BOB COSTAS: We appreciate the time you have given us, Mr. President – so one last question: do you have a message for the United States team as they approach tonight’s Opening Ceremony and the competition following?

PRESIDENT OBAMA: Well, we couldn’t be prouder of them. I’ve had the chance now to meet a lot of Olympic athletes, including those that were so successful in Vancouver. One observation, when they came to the White House, Michelle and I shook hands and met with all of them and they all look really healthy. They are wonderful and spirited and they just make us proud, and so as President, I am honestly rooting for some of the older folks. I don’t know if Shaun White or Shani Davis want to be called old, but at least in Olympic years these are folks who are repeaters and are going for medals again.

What’s wonderful about Olympics is also to see these young kids –18, 19–suddenly surface on the world stage and perform under incredible pressures. So, I think the main message is: good luck. We are all proud of you. Everybody back home is rooting for you. We are confident you are going to do well, and I can’t wait to have you guys visit The White House after bringing home some golds as well as some silver and bronze. But more than anything, what I know is that you will represent what’s best in our country. We are really, really proud of all the work you have put in to get to this pinnacle of your sport, of your discipline.

BOB COSTAS: There you go, Mr. President, good to talk to you again; thank you for your time.

PRESIDENT OBAMA: Thank you so much, Bob. GO U.S.A!

More notable quotes:

  • Bob Costas on the significance of the 2014 Sochi Olympics: “The Olympic Games are always a major world event, but based on where they’re taking place this time, the significance of these Olympics is undeniable.”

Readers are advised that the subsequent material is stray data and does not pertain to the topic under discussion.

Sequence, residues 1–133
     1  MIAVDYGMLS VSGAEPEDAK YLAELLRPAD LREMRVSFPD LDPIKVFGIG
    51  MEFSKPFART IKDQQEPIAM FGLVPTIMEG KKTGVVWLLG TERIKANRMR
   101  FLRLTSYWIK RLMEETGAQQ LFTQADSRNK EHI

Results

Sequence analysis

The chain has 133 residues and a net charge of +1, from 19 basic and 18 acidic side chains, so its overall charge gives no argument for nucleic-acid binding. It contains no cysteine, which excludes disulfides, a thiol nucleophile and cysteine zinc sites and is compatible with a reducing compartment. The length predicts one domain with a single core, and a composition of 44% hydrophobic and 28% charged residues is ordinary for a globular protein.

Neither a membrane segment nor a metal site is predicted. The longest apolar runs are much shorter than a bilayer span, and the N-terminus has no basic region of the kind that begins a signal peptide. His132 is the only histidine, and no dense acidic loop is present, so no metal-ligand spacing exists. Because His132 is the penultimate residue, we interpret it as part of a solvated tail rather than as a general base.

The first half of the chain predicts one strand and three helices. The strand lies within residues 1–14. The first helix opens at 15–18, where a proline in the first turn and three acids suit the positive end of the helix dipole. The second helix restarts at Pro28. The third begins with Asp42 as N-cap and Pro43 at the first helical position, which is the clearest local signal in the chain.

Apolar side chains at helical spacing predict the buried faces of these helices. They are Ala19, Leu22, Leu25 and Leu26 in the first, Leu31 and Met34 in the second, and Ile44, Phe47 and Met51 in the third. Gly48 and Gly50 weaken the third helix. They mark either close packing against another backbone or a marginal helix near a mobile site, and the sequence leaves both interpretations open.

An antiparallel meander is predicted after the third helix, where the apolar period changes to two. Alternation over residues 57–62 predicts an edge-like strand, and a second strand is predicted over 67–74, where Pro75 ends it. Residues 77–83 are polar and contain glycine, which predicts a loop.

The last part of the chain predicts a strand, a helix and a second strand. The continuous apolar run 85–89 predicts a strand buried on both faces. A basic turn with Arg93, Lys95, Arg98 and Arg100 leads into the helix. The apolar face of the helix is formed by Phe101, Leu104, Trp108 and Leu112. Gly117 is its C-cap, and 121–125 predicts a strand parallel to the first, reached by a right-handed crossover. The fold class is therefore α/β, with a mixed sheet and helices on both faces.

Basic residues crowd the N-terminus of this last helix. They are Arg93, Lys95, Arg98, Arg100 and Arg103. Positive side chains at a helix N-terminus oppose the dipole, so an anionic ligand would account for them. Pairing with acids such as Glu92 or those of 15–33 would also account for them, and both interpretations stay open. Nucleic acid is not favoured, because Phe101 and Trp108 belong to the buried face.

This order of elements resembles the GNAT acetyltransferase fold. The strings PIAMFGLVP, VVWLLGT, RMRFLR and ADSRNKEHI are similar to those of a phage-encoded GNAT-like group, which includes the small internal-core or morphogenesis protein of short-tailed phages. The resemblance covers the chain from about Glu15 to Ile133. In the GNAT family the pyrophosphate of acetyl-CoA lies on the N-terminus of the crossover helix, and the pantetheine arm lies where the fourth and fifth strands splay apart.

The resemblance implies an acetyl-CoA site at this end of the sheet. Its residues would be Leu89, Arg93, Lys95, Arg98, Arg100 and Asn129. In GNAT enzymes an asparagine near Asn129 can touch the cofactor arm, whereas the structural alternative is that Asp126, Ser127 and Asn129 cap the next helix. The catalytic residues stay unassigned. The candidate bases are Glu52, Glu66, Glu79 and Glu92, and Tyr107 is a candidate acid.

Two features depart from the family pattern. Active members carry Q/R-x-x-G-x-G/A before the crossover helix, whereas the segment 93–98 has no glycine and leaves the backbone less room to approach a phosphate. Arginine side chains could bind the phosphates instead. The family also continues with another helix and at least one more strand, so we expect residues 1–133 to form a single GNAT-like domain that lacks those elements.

• Opening Ceremony co-host and TODAY show anchor Matt Lauer: “There’s kind of an unpredictable feeling surrounding these Games. We come here prepared to cover the athletes but also prepared to talk about the entire story.”
  • Opening Ceremony co-host and NBC News special correspondent Meredith Vieira: “In many ways, the pride of Russia and nobody has more at stake than President Vladimir Putin because he’s the one who invested so much on these Games and he personally invested to get them on Russian soil and in fact, they’ve been nicknamed ‘the Putin Games.’”
  • Olympic correspondent and Pulitzer-prize winning editor of The New Yorker David David Remnick on the importance of the Opening Ceremony to Russian President Vladimir Putin: “He [Putin] doesn’t care if the world thinks he’s an autocrat. There’s a message he wants to give his own people and that is that ‘We are a modernizing, great power… Putin wants to assert Russia on the modern stage.’”
  • NBC Olympics correspondent, Olympic silver medalist and four-time grand slam champion Maria Sharapova on carrying the Olympic torch in the Opening Ceremony: “That was the best run of my life… The most incredible experience.”
  • Team USA four-man bobsled pilot and Olympic gold medalist Steven Holcomb on the Opening Ceremony: “This is what we do it for. This is what we live for.”